Millions in France Protest Against Napoleonic Macron

For more than two months, millions of French people have marched the streets in protest of President Emmanuel Macron’s plans to raise the retirement age from 62 to 64. They have continued despite brutal crackdowns by the police and arrests. But their protests were to no avail. Instead Macron has become more dictatorial.

  • Protests started after Macron announced his plans in mid-January.
  • They intensified after Macron decided last Thursday to raise the retirement age by executive decree.
  • Yesterday, Macron survived a no-confidence vote. The opposition needed 287 votes to oust him; they got 278.

Social media posts show the brutality of the police force suppressing the protests.

Macron’s image has deteriorated terribly from the beginning of this year. He just presents decisions, and there is no discussion at all that is possible.
—Patrick Belhadj, an official of the left-wing General Confederation of Labor

Steps from the gilded domed tomb of Napoleon, on Paris’s Left Bank, about 100 union members gathered at a protest rally on Monday afternoon, to vent their rage once again, over a leader they accuse of ruling with a Napoleonic style of his own: French President Emmanuel Macron.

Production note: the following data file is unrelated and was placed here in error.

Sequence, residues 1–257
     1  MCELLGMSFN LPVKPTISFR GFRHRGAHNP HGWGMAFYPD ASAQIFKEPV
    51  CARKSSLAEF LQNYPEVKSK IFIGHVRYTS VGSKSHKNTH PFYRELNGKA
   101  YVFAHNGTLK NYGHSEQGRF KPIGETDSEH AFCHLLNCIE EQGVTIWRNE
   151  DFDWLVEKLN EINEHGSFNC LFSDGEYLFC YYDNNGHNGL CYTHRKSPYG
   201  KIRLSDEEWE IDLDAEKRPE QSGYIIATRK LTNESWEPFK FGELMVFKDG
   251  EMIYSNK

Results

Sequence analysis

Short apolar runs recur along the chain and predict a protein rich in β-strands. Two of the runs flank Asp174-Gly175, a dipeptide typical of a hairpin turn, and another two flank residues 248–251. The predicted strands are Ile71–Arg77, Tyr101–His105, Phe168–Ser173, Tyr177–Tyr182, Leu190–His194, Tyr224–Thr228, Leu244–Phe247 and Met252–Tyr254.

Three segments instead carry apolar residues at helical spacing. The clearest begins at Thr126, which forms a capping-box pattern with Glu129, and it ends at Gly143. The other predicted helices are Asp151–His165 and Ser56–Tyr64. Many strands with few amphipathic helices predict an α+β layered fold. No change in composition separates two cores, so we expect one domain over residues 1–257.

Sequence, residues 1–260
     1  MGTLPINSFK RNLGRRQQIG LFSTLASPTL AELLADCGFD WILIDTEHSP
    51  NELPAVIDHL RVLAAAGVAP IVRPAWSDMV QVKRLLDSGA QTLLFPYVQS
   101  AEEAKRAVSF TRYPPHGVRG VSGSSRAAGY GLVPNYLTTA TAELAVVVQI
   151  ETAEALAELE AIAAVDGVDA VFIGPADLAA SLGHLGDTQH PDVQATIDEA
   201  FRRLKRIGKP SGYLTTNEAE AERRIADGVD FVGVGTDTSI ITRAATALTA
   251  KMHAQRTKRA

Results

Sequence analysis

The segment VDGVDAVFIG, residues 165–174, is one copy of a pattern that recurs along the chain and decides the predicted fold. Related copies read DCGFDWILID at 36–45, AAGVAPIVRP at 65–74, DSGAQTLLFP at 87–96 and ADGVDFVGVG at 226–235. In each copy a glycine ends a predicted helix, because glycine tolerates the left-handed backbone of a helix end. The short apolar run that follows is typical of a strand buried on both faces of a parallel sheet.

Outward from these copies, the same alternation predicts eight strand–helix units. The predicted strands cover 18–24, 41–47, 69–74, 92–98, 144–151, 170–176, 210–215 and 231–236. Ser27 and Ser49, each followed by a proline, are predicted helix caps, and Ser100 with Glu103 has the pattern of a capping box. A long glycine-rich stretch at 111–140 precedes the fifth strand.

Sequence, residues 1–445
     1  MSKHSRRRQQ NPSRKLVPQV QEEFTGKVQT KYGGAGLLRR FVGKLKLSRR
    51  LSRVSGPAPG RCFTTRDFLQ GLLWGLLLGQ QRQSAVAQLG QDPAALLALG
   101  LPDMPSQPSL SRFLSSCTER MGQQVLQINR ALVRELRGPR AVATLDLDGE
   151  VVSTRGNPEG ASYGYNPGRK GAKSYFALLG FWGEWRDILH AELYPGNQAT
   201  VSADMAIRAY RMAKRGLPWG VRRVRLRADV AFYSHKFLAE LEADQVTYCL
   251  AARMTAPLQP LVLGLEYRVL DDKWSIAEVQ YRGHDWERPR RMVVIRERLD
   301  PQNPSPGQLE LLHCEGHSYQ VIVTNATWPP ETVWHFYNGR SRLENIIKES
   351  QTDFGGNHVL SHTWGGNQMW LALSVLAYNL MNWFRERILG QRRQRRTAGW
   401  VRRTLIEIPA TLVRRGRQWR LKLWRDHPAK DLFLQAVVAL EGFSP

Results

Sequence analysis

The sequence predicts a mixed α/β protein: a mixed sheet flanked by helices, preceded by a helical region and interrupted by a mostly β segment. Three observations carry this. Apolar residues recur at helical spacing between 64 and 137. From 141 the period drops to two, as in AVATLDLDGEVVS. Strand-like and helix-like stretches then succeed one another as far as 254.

If you compare the average retirement age in France to Britain or Germany, it needs to be raised. Although in a democracy, the people decide, France is still more of a republic, so the president gets to decide. But the same president has also pushed for open borders and green energy policies that have harmed the French economy. So some of the French anger is justified. Either way, watch Macron’s rule by decree in light of what Trumpet editor in chief Gerald Flurry wrote in “France Is Resurrecting the Holy Roman Empire.”

Prophecy says: Revelation 17 shows that “kings” will rise in Europe during this end time. They will rule in the tradition of Napoleon and the Holy Roman Empire. Even though they may not be literally called kings, they will rule like kings. It’s possible Macron could become one of them—or another leader could replace him, building on the dictatorial foundation.